Of course with Ozisoft, nothing was ever uniform, so you can find multiple versions of the same game with slight differences.

Ozisoft releases can be easy to distinguish based on a few telltale signs. First, the cartridges may have “Made in Australia” on the back. Secondly, the red cartridge label will have white lines instead of black lines. Some cartridges may even have a blue label with the Sega Hotline phone number, or a white background with red text. A small number of games use silver coloured plastic for the clamshell case and cartridge enclosure.


Hardware

There were a number of different Sega Master System configurations available, which varied greatly based on the region you were in.

Sega Mark III
The original Japanese release of the console features quite a nice design. It’s a little different from the Master System internally, since you can add in an FM sound adaptor, and it also plays SG-1000 and SG-1000 II games. Not entirely difficult to find out in the wild.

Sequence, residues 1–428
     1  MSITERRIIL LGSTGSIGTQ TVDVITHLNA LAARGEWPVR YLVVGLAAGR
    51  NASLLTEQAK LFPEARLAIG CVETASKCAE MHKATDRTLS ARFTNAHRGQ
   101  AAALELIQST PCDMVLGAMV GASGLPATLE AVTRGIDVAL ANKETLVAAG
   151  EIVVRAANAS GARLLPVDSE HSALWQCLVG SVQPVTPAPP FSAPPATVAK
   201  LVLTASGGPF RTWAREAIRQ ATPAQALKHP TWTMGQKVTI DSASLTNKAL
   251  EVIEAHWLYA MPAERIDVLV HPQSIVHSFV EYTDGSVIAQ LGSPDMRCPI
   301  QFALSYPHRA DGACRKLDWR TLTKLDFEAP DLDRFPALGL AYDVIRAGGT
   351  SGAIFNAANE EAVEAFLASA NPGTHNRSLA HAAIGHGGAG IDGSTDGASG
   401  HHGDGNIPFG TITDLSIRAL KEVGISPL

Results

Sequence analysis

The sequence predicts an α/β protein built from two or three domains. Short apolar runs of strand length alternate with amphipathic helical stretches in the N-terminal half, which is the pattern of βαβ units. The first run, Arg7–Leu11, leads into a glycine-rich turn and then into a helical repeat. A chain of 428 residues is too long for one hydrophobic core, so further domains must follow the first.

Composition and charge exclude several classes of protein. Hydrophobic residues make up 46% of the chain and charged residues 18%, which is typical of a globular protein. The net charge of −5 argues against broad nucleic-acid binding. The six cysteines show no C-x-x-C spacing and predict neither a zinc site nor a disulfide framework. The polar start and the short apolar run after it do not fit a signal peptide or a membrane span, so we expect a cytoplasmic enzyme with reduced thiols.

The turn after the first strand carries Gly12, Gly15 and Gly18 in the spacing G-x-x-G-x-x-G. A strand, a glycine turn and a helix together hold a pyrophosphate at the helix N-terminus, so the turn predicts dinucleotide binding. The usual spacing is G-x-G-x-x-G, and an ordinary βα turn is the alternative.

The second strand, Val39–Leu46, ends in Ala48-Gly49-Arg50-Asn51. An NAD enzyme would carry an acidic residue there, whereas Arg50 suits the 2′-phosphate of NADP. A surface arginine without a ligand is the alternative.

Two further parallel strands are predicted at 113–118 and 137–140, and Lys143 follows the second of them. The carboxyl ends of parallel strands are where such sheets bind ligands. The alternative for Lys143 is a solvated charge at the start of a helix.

Sega Master System (Japan)
Sega decided to try and rebrand the Mark III in Japan in 1987, releasing a new version of the system under the Master System name. Thought it looks identical to the Western Master System, it has a Japanese style cartridge slot and the FM Sound Unit is built-in.
Sega Master System (World)
The original release of the Master System is a futuristic looking beast which supports just about everything you can throw at it like the 3D glasses and card games (though it won’t support the JP only FM add-on or SG-1000 games). It’s quite a robust system – reliable and solidly built with better picture and sound quality than the models that followed. It also has support for monoaural AV output.